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Exodus

The Vietnamese Boat People in British Hong Kong

Ever since the conclusion of the Vietnam War, an outpouring of excellent studies on how the fierce fighting originated, plus every tiny detail at home and abroad during its course, have been produced by American academics and popular writers alike. Unfortunately, their narratives pay scant attention events after the U.S. retreat, thus overlooking the enormous human consequences the Indochina conflicts entailed elsewhere. The global refugee crisis that followed is gravely understudied. Even in Hong Kong, where this became the worst humanitarian disaster in history — a legacy of some of the Cold War’s bloodiest episodes — is a forgotten story today. Talking about the 1970s and early ′80s, instead, routinely conjures up images of fabulous entertainment, rapid urbanization, and economic boom. This collective memory is only partial.

On May 5, 1975, merely five days subsequent to the dramatic Fall of Saigon, a ship carrying 3,743 fugitives from defeated South Vietnam arrived in Hong Kong. Although Britain was officially neutral in the Vietnam War, the territory had been indirectly involved for well over a decade, providing strategic facilities for the U.S. war effort and welcoming American servicemen on rest and recuperation. Already too densely populated, however, it wasn’t expecting to accept large numbers of civilian exiles who would come to be called boat people. But the colonial authorities — on the side of America as a reliable Cold War ally and sympathetic to the failed crusade to build a non-communist state in Vietnam — nevertheless agreed to welcome the first batch after much deliberation and thereby commencing a controversial quarter-century endeavor to rescue, by some estimates, up to 200,000 Vietnamese refugees.

Back in Vietnam, most individuals older than 35 had lived more than half of their lives almost incessantly in bloodshed. Those born after the Japanese occupation in 1940 during World War II didn’t know how it felt to be in lasting peace. Families were shattered. Still, the survivors never gave up their yearning for a better future and took a risky gamble to sail across the South China Sea. An untold number of them were hurt or dead. Others who made it to the shores of Hong Kong against all odds found themselves interned in closed camps where they waited, sometimes in vain, for acceptance into First World countries like Canada, Australia, France, or the largest recipient among them, the United States. The catastrophe continued throughout the Third Indochina War — between the communist regimes of China, Cambodia, and Vietnam chiefly as an escalation of the Sino-Soviet split — and reached its peak in 1979, when Hanoi’s inhumane Sinophobic decrees forced Han minorities, even those in former North Vietnam, to flee.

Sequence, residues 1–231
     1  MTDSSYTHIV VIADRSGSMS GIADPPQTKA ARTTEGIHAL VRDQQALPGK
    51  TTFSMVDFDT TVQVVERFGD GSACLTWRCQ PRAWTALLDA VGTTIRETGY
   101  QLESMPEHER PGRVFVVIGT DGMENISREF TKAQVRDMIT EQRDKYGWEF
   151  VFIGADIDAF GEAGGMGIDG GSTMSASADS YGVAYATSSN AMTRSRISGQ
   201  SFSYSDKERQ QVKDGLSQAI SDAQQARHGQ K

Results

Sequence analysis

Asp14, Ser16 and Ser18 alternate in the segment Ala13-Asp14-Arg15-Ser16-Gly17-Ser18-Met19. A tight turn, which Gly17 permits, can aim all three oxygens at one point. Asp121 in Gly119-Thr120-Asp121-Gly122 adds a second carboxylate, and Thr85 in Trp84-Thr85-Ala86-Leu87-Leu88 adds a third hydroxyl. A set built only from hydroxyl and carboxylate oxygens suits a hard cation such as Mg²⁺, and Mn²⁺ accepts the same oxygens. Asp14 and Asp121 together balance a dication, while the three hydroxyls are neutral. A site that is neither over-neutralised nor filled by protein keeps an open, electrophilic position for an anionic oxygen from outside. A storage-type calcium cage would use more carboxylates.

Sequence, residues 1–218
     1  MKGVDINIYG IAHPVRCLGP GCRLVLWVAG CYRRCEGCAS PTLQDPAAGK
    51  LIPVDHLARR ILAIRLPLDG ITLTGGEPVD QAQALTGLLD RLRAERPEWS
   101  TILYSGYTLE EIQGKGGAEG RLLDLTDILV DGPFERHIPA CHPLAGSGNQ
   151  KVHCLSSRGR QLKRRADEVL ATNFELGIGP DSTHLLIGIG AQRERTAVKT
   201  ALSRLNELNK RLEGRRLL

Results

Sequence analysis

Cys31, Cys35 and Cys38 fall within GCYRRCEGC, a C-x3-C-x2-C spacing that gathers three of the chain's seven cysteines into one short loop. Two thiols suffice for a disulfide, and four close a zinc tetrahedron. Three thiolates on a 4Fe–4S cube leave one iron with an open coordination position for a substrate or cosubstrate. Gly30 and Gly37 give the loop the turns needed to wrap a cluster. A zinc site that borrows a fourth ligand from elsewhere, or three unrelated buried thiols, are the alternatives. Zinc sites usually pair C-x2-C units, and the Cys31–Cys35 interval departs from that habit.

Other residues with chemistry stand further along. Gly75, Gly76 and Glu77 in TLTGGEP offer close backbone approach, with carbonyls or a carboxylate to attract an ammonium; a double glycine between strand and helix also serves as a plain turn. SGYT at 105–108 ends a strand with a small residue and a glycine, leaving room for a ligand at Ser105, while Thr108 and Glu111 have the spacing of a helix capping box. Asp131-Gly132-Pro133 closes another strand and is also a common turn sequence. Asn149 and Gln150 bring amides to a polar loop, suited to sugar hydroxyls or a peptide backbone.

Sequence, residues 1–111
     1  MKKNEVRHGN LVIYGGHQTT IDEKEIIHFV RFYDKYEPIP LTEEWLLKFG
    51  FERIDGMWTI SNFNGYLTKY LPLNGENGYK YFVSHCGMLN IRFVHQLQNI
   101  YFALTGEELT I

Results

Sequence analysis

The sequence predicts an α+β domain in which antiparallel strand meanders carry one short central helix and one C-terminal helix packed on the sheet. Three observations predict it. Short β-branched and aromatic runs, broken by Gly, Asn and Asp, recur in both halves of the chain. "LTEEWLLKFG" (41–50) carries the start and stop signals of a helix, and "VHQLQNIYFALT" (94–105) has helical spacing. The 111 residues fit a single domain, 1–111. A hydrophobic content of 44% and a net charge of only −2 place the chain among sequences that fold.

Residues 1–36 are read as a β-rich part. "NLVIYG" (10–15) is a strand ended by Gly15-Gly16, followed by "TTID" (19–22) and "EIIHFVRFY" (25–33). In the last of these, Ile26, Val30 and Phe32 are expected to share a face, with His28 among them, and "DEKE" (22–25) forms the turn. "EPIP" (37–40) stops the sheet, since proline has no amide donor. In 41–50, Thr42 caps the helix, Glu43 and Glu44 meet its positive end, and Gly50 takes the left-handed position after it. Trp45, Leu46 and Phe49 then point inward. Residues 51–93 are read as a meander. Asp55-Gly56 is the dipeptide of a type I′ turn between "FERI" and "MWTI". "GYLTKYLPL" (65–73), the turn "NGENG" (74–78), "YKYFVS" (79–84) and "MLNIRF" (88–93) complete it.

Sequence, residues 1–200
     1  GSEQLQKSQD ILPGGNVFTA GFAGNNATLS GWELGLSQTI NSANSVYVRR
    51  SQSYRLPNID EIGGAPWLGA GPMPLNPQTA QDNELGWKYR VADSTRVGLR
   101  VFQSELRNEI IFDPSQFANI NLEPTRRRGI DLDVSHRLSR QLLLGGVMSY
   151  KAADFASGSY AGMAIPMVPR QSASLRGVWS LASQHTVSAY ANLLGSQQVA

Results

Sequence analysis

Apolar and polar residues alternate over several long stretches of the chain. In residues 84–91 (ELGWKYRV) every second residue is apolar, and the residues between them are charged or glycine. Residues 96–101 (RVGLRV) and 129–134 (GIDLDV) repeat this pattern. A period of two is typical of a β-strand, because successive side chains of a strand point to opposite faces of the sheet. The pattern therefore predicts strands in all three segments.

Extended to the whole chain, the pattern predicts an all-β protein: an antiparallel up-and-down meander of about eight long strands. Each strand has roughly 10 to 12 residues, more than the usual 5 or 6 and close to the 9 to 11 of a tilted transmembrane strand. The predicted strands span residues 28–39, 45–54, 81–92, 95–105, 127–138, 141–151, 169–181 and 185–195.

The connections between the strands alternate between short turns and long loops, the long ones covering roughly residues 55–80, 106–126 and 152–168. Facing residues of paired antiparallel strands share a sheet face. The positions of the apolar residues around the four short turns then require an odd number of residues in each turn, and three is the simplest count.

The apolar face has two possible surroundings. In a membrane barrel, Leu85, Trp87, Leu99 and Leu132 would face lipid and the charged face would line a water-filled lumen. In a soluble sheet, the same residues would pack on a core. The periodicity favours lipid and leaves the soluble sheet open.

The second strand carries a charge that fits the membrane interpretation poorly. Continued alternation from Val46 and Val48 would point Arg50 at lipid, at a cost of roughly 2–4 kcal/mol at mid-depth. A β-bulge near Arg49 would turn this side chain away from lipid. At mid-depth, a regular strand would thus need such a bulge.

London’s response, like many things British, was full of contradictions. The Hong Kong Government was certainly experienced in handling defectors from communism: Many from China had flooded into the colony since 1949, and the famous Touch Base Policy was implemented in 1974 to authorize their immediate repatriation unless they could reach the city center — south of Boundary Street — without being caught, in which case they’d be eligible to remain legally and seek employment. Their Vietnamese counterparts were given no such option, as the British sought assistance instead from the Geneva-based U.N. High Commissioner for Refugees. Unlike neighboring countries like Malaysia, Singapore, and Thailand, Hong Kong maintained its “first port of asylum” status and never turned a boat away (at least until the late 1980s), even though it seldom set the fugitives free so they could integrate into mainstream society, hoping instead to accelerate resettlement. The predicament nevertheless lingered on until after the end of British rule, when Hong Kong’s last detention facility was closed in May 2000 by the new Beijing-backed government.

This project will be completed as part of my Ph.D. dissertation for Georgetown University under the direction of James A. Millward. My interest began in October 2017 while mining the British National Archives, where I stumbled upon a wealth of recently declassified — and largely untapped — files that concern the topic. I expect more to be made available in accordance with the “thirty-year rule.” I’ve also conducted some preliminary research at the University of Toronto’s Richard Charles Lee Canada-Hong Kong Library, where I’m a visiting scholar in the 2017–18 academic year. In the years to come, I look forward to consulting more secondary sources, conducting original oral history interviews, as well as accessing archival materials in Hong Kong, Britain, the United States, Vietnam, and perhaps Switzerland, Canada, and France.